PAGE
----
You have probably heard this term many times. You may know someone who you would say is this type of person. Perhaps you are or have been called so, even though you are not. Goldbug – it’s very common term in the financial sector, sometimes used as a belittling pejorative. Rightly so? Not necessarily. You see, the problem is that the term is used to describe several interconnected yet distinct aspects.
Goldbug as Supporter of Gold Standard
One definition of the goldbug is a supporter of the gold standard. Is this something discrediting?
Not at all! We also support the gold standard. Why wouldn’t we? After all, the classic gold standard was a period of great prosperity. The classic gold standard with full convertibility, not the diluted post-WWI one. There were brief deflation periods, yet fast economic growth characterized those times. Of course, there are several political and technical problems related to the return to the gold standard, but the history of fiat money plagued with credit cycle-induced booms and busts spilling over into business cycles and financial crises leaves no doubt which system to choose. Even Alan Greenspan praised the gold standard in his 1966 essay.
Goldbug as Gold Investors
According to the second definition, goldbug is a person who invests in or hoards gold. They basically buy gold as an safe-haven asset or insurance against the economic crisis, or a hedge against inflation. Gold also serves as a regular savings vehicle for such a person. Again, we would say that it is not only normal, but smart behavior. Gold is a great portfolio diversifier, so including it to the investment portfolio enables for increasing returns per unit of risks.
Goldbug as Permabull
The third definition states that goldbug is a person who is notoriously bullish on gold. In the long-run, we are also bullish on bullion. However, what is problematic here, is that this type of goldbug believes that the price of gold can go only up. If the price goes down, then it is only because of manipulation.
This mindset is created and reinforced by some pundits or, actually, by the gold sellers under the guise of the objective analysts. They want to sell as much retail gold products as possible, so they argue that the price of gold can go only up. They sow fear that we are on the verge of the collapse, so you should purchase gold. Now. Just One Click Away. Buy It Now! And if you don’t have enough money on hand with which to buy gold, just take on that second mortgage or max out that credit card – just buy already! Confiscation-proof “rare” numismatic coins, Gold Eagles, anyone?
Unfortunately, many people blindly trust the gold promotional materials instead of looking for objective analyses. After all, the premises are correct. The current monetary system based on fiat currencies generates a lot of instability. Gold has been money for thousands of years and the gold standard was the period of general prosperity and living standards increase. Gold standard restrains deficit spending and that’s exactly why it has been abandoned to finance the WWI efforts. Gold is a great addition to the investors’ portfolio. Yes, all this is correct. But it does not follow from this that the price of gold can only go up. On the contrary, just as in other markets, the gold prices fluctuate in accordance with the law of supply and demand. We have seen both bull and bear markets, as the chart below shows.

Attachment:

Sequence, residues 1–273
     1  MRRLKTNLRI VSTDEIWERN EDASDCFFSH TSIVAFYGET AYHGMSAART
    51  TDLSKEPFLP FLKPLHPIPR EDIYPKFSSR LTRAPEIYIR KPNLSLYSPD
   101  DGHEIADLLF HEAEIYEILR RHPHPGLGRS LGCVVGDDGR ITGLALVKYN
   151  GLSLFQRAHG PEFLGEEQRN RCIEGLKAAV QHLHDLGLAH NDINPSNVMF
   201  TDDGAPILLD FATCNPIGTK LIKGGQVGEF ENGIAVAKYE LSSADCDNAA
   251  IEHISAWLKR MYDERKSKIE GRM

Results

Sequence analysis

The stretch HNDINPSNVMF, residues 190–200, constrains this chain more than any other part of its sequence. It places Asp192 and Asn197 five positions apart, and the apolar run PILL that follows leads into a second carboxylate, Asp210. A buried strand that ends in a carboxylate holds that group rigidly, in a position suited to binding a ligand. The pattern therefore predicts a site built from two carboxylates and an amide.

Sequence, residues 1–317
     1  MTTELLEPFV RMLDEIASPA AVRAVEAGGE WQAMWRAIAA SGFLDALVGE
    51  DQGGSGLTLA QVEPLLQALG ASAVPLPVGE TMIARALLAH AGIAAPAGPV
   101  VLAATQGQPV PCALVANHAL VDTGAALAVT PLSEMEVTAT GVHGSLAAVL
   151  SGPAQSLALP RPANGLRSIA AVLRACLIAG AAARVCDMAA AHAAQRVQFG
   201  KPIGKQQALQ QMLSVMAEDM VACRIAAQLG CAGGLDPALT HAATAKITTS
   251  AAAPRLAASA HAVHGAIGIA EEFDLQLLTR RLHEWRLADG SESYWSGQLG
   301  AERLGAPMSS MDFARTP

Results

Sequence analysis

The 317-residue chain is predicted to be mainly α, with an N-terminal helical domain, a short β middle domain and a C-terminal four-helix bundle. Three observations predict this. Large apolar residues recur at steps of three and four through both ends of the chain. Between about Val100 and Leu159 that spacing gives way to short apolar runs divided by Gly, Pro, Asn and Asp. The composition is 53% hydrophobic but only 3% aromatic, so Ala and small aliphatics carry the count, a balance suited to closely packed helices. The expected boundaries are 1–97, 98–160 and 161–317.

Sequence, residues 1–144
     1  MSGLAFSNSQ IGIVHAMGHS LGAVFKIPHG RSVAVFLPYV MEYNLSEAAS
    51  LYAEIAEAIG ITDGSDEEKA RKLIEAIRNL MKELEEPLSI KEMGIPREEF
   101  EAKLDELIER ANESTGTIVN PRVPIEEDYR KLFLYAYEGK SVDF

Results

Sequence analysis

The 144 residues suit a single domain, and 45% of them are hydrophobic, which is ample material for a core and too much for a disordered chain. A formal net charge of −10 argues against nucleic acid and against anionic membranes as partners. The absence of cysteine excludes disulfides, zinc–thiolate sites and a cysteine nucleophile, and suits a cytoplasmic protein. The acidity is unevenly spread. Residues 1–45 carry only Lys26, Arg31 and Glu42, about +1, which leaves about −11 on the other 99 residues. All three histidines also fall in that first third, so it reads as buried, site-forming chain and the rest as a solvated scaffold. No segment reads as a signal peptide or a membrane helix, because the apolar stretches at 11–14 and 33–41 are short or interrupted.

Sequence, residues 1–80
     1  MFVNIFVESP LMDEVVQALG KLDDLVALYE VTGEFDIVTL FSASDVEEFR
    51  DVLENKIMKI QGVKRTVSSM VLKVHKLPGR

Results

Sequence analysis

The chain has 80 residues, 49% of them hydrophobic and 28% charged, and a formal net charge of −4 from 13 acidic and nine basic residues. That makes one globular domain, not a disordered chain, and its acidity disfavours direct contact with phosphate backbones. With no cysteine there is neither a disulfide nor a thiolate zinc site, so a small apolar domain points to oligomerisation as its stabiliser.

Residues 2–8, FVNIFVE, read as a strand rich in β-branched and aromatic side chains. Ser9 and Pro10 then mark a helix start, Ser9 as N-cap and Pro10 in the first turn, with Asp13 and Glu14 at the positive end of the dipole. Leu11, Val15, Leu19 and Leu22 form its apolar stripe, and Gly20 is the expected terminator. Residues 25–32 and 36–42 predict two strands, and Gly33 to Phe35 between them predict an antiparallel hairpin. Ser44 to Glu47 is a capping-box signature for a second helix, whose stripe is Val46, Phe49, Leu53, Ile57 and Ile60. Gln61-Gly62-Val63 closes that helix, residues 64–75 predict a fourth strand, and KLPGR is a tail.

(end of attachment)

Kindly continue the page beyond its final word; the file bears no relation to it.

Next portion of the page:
Chart 1: Gold bull and bear markets since April 1968 to April 2019.
The bottom line is that gold is great, but its price can also fluctuate widely. Hence, do not listen to the biased gold promoters. We also love gold, but we have one important advantage: we will always tell you the objective truth as it stands at each moment in time, even the unpleasant one. Even that, for example, the bear market in gold is coming. It does not mean that we do not respect gold. We do. But we respect our clients even more.
Aristotle allegedly once said that Plato is his friend, but truth is a better friend. Luckily, we are in a better position as we don’t have to choose. There is no contradiction between our friends – you – and the truth. Just look at the chart above: being bullish on gold in the 1990s would not be the best idea. And we would tell you that, just like we told our subscribers to get out of the gold market with their long-term investments in April 2013. This is our job: to show you how to preserve and gain capital in all market circumstances, no matter what the gold prices are doing. And yes, we do think that gold will move much higher in the following years (writing this in mid-2019), but not necessarily in the following months. Does that make us goldbugs? Even better question – if we help our clients succeed in their gold investments, does the exact name sticker really matter? And does it matter if other investors and traders call anyone goldbug if the latter are actually going to outperform them? It doesn’t, but latter is likely to happen only if goldbugs value objectivity more than gold sellers’ one-sided sales materials.